Further Thoughts on the Fair Share Clause

This started as a short reply to Erlend S. Heggen’s “The Fair Share Clause - A thought experiment for sustainable open source”, and got long enough that I really did want to capture it in its own blog post. Heggen @erlend_sh is a Community Advocate at Discourse, the open source forum software. The description of Discourse’s end of 2017 donations to open source projects they depend on is also a great read. Kyle Mitchell’s writing and his License Zero project are name checked, and I have posted about them briefly recently, but consider this another reminder that you should look at them closely.

This is a great thought experiment to write up — thank you for sharing. This is definitely something we are digging into and trying to figure out as we work on low-level Ethereum infrastructure at .

I need to do a longer write up on our thinking, but just yesterday we came up with the idea that maybe there is a model that is like Carbon Credits. This would also mean that a company like Discourse might “equal out” because of the investment in producing open source software. But perhaps everyone committing to building giving back into their business model really is the best path.

There are the beginnings of some experiments such as Moloch in Ethereum that are related. It is more of a guild / membership structure, which is not really what you describe.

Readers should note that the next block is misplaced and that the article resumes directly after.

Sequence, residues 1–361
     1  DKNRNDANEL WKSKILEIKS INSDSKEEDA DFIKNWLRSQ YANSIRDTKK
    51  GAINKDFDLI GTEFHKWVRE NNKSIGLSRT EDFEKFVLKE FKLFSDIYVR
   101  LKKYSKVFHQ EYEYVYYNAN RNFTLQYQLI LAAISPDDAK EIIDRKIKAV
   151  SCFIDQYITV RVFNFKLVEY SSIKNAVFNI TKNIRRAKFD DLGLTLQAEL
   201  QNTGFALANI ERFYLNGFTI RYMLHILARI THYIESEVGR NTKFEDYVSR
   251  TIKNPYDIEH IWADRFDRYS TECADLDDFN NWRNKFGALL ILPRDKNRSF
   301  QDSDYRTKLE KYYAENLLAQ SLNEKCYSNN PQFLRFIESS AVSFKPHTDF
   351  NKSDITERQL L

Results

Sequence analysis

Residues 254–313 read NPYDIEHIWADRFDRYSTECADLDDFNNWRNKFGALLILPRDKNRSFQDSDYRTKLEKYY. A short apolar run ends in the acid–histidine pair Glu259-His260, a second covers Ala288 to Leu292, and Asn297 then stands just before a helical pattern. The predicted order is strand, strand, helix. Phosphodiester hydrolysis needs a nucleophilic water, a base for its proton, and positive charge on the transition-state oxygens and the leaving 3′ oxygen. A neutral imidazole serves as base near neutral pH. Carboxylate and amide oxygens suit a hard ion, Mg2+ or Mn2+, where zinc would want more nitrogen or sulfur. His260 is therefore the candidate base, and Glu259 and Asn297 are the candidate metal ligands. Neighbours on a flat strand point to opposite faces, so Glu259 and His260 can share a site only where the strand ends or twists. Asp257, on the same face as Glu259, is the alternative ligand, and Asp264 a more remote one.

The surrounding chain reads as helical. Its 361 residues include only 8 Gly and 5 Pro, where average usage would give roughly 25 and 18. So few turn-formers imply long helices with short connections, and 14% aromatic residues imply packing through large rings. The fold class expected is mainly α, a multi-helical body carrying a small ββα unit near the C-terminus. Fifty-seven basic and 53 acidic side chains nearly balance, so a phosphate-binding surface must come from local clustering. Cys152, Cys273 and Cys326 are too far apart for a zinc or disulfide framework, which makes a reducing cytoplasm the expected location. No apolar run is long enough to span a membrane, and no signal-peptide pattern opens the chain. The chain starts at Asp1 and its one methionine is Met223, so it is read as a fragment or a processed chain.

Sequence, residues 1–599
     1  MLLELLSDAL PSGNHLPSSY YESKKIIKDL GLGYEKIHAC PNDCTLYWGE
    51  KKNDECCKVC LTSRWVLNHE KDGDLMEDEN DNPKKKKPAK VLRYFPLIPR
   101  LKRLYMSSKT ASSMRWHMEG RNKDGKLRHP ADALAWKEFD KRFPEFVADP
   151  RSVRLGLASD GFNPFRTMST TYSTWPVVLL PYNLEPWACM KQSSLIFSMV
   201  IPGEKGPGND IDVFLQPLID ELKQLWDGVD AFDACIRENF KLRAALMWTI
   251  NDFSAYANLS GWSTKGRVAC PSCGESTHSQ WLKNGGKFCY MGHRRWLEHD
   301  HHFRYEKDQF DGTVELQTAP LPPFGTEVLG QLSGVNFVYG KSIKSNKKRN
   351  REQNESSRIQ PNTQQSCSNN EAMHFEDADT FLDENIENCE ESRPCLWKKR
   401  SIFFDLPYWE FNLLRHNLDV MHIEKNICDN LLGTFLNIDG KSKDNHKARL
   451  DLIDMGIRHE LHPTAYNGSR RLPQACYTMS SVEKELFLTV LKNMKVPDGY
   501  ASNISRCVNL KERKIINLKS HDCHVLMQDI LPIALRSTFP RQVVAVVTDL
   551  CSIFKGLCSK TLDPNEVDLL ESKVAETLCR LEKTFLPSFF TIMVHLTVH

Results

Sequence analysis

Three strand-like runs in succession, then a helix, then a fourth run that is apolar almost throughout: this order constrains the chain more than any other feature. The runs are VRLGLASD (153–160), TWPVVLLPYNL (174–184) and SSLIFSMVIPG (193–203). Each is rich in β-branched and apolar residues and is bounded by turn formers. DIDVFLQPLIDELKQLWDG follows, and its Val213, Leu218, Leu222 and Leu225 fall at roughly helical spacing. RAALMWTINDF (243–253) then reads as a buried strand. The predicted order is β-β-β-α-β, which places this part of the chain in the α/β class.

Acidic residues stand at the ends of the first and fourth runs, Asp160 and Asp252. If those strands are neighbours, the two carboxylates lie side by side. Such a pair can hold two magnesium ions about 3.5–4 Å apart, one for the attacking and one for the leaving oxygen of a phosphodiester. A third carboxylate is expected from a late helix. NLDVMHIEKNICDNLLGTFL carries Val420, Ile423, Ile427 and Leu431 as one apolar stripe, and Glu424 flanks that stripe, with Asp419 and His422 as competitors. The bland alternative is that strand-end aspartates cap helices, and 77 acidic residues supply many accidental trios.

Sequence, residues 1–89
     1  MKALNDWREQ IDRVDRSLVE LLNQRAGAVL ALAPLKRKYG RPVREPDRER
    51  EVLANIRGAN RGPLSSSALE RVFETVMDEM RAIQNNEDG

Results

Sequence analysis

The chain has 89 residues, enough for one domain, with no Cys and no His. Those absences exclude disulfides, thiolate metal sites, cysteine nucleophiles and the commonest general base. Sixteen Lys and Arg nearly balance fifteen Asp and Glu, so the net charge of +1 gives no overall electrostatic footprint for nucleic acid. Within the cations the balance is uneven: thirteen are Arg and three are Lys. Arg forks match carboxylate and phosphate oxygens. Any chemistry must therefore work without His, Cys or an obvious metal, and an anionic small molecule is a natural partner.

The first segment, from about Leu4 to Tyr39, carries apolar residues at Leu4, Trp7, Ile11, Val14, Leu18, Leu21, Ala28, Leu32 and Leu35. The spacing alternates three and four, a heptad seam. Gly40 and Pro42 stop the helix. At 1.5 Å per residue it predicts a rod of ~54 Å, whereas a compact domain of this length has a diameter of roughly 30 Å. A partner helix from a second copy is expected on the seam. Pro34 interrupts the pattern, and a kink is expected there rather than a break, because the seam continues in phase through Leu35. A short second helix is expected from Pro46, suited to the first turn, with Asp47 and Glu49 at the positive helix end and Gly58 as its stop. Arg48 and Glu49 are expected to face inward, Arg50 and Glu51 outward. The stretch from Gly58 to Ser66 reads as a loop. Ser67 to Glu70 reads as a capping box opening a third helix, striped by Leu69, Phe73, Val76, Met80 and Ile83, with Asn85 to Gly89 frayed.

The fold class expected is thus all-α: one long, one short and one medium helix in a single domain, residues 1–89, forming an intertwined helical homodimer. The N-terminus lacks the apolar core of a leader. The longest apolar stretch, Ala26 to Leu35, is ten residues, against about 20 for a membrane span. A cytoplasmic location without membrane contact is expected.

One thing not addressed by your Fair Share model is the “getting started” model. What is the equivalent of friends & family or investor funding to get a piece of infrastructure built?

Other labels we are considering are tithing, sponsorship, and patronage. We think of sponsorship as ongoing, and patronage being a one off grant that gets new projects or major features built. Your model is closest to tithing, with a better analogy than a religion :)

I think our biggest challenge is education: that tragedy of the commons is a real thing, and that we should attempt to fight against it. That all businesses benefit from open source infrastructure, and that with funding, more & better software gets built and maintained.

The other challenge is deciding what we’re selling. Deciding what to sell also means figuring out who your customers are, of course. In the Ethereum ecosystem especially, contributions to base infrastructure make an impact to the entire running public blockchain very directly.

We want to sell the past AND the future1, so how many sponsor/patron benefits do we need to include beyond a logo in order to make the sale? And how many of those benefits slide into something that actually looks like consulting? And, if we want to be akin to something like a private research institution, is consulting something we should consider?

More writing and thinking, and many more customer discovery calls in our future. I also look forward to digging into these topics during the Business Model Ring at the EthMagicians’ Council of Prague.


The Special Projects & Decentralized Engineering Company is a Delaware Public Benefit Corporation dedicated to support individuals and small teams building sustainable open source projects. Our first project is FISSION, starting with FISSION Codes and FISSION Translate. They are both initially targeted at the Ethereum smart contract ecosystem, although the design is portable to any smart contract system.

  1. That’s a reference to Kyle on Tidelift’s model of selling software support for open source projects, aka “the future”. Being able to monetize software you’ve already built is a stronger model than “just” maintenance.